Writer / Artist
Mooncop graphic novel review
  • North American Publisher / ISBN: Drawn and Quarterly - 978-1-77046-254-0
  • Release date: 2016
  • UPC: 9781770462540
  • Contains adult content?: no
  • Does this pass the Bechdel test?: no
  • Positive minority portrayal?: no
  • CATEGORIES: Humour, Science-Fiction

Mooncop is a downbeat imagining of a completely isolated, and ultimately pointless life. Mooncop patrols a barely populated moon, a slave to routine and requirements, yet there is no crime, and his completed tasks are all-but worthless, although it’s drily observed that his crime success statistic is a continual 100%. He lives his life in small bubbles of oxygen, and were they to be breached death would be seconds away. Tom Gauld uses this fragility as a joke, the sample art showing the oxygen bubble surrounding a dog, and another sight is a tree enclosed in a larger bubble.

Gauld published Mooncop in 2016, and it acts as a melancholy meditation on the promise travel to the moon once held. During Gauld’s childhood NASA flights to the moon were regular, and the ongoing space programme held the promise of the future, yet instead it was cut back and cut back until it became dormant for decades. In Mooncop’s world a few further steps have been taken as the moon is colonised, but it’s a dying environment with few residents and fewer facilities, all of them either being transferred back to Earth or downscaled. The technological advances we’re shown are all limited by absurdities, none of them fulfilling their promise, and amid the fumblings of life are we watching a man on the verge of depression?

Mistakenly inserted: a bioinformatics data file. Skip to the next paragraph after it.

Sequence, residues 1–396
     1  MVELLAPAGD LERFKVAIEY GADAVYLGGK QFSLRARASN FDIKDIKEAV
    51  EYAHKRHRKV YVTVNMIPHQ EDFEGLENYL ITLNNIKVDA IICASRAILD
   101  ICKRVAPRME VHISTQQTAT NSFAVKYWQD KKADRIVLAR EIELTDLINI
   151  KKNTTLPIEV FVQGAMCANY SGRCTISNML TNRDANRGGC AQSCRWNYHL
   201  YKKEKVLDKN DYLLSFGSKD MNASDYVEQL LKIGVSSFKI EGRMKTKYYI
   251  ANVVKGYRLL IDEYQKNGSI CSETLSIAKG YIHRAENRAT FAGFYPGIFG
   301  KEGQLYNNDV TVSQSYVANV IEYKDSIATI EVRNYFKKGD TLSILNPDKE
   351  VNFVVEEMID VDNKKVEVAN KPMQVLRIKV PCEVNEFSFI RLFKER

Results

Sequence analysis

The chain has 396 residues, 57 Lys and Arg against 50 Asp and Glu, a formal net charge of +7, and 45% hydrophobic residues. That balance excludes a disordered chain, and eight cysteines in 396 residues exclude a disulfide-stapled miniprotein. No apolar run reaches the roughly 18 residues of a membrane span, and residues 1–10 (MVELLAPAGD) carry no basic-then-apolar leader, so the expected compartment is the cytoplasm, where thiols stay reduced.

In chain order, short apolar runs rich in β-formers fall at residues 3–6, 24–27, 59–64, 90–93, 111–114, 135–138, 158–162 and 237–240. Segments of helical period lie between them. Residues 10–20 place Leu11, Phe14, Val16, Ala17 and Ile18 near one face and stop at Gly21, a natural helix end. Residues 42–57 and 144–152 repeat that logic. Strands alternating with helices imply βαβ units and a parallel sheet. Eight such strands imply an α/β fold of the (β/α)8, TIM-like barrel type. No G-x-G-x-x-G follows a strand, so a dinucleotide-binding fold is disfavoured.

On the face of it, the simplicity of Mooncop coupled with it being a very quick read would indicate a book to be flicked through, admired and placed on the shelf, but that denies Gauld’s wit, imagination and sense of comic timing. There’s a clockwork precision to both script and art, the blend providing something to be cherished, and it’s ultimately an optimistic piece. Technology may be failing, but humanity and nature prevails, which is a message to consider more often.